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by anonymous

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Condos mean different things to different people; simply stated, condos are as diverse as their owners. From affordable townhomes in the suburbs, luxury apartments in the downtown core, to funky lofts with huge windows and soaring ceilings and palaces nestled in the urban landscape, the word condominium encompasses them all!

Ultimately, condo living is a lifestyle choice. At any price point, condos provide a combination of location, amenities and opportunities that cannot be duplicated in a residential home. A condo affords the benefits of ownership with many of the hassles and obligations typically associated with a home either significantly reduced or all-together eliminated leaving more time for living.

What is a Condominium?

Condominium refers to a form of ownership. A condo can be any kind of housing:

  • high-rise or low-rise apartment
  • townhouse or stacked townhouse
  • detached or semi-detached house.

Condominium developments are self-governing communities with rules and bylaws to guide their operation and business affairs. 

With a condo, you own your individual unit and share in the ownership and expenses of maintaining the common elements. Common elements can include things like hallways, elevators, fitness facilities and grounds.

  • An individual condo owner holds title to the condominium unit only, not the land beneath the unit, so condos can be stacked on top of each other.
  • All condo owners share title to common areas. Common areas include land, the exterior of buildings, hallways, roofs, swimming pools -- any area used by multiple owners.
  • Condominium owners pay property taxes on their individual units.
  • A property owners' association usually manages the complex and collects fees from all condo owners in order to maintain common areas.

The primary benefits of buying a condo (or co-op) include: (1) condos are usually less expensive than equivalent-size houses; (2) lack of exterior maintenance responsibility and worry; (3) the security of just turning the key in the door (called "lock and leave") while being gone for an extended time period without worry; (4) virtually the same homeowner tax deduction benefits as for houses; (5) pride of ownership; and (6) resale profit potential as a long-term investment.

But the potential drawbacks include: (1) having the homeowner's association (HOA) board of directors determining how your monthly assessment fees will be spent; (2) encountering unexpected increased monthly fees and/or special assessments for major expenses, such as a new roof or other expensive repairs if the reserves are not adequate; (3) rules and policies you don't like (such as no-pet rules, rental limitations, and parking restrictions); (4) poor-quality management and/or maintenance that hurts condo enjoyment and resale values; (5) noise from adjoining units (the #1 complaint of condo residents); (6) lack of freedom, such as the ability to turn up your TV as loud as you want or to have noisy parties; and (7) adjacent neighbors you don't like, or who don't like you.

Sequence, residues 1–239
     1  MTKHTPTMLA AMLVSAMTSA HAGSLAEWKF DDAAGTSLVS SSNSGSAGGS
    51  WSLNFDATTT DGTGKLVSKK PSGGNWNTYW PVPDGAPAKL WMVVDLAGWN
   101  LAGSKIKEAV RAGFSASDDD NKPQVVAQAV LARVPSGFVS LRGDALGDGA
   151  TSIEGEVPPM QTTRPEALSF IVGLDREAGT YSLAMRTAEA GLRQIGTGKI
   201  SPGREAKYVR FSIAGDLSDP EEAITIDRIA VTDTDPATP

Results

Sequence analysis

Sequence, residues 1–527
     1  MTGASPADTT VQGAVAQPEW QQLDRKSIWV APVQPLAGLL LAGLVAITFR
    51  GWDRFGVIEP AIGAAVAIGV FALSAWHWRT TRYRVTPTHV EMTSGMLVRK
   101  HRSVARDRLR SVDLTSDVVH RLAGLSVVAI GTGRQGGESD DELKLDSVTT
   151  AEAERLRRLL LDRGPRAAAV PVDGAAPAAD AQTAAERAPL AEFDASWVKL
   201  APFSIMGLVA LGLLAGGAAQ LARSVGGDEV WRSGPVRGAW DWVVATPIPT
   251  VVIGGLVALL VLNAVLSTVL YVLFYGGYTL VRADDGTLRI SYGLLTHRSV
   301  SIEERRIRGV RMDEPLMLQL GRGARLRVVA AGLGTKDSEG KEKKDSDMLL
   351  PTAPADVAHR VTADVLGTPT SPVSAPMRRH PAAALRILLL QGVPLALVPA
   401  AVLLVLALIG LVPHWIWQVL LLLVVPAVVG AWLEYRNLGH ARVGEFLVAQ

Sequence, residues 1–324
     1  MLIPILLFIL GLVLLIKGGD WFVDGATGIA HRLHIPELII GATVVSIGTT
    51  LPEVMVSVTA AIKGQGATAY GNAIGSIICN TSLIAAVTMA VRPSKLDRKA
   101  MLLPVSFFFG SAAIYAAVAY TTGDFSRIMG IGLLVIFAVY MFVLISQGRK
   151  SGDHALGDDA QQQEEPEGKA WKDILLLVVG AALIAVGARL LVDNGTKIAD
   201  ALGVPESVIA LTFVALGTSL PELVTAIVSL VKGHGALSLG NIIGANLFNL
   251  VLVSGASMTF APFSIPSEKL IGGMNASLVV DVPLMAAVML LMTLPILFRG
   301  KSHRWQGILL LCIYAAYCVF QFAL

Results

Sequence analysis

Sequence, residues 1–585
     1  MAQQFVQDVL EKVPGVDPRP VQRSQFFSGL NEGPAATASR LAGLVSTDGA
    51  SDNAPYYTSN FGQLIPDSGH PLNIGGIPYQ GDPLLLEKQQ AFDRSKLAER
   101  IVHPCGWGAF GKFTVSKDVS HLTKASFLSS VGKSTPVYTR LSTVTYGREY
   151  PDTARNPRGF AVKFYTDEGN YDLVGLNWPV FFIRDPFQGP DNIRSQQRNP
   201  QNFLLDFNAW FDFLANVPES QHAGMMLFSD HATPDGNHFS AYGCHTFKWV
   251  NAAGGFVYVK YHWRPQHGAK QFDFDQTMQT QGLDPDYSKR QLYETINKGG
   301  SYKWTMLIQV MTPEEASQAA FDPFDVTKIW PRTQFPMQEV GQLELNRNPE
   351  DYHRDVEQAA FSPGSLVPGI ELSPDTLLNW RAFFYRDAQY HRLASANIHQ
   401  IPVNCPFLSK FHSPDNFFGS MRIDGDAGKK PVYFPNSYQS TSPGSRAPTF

Various Styles

  • Apartment style units - these units typically have someone above or below you and a common entrance. However, many of the newer apartment styles condos have a private entrance.
  • Townhouses - these units have a private entrance with 2 -3 levels ie living room, kitchen and bath on main floor and bedrooms and additional baths on the other levels.
  • Carriage Units - have a private entrance at the ground level with stairs to the unit. They usually sit above a garage.
  • Ranches - have everything on one floor with access at the ground level and now one above or below you.

Mississauga condos are amazingly popular right now. Within old or new buildings, more and more these residents are purchasing condo units. Condos are a vital part of Mississauga real estate. Indeed, March sales on the Toronto Real Estate Board continued the trend of previous months. Sales were 8% higher than March of 2011, and average prices were up by almost 10% from a year ago. Within the 905 Region, condo sales were ahead by 3%, compared to last year.
Of course, one of the main reasons why home owners are choosing condos is because they are relatively hassle-free. There’s no lawn to cut or garden to upkeep. There’s no snow to remove or leaves to rake. There’s no driveway to repair or sidewalk to fix. That’s because when you buy a condo, you own only what is inside the walls of your unit. Outside of those walls, the residents of the complex share ownership in a cooperative bound by a contract.



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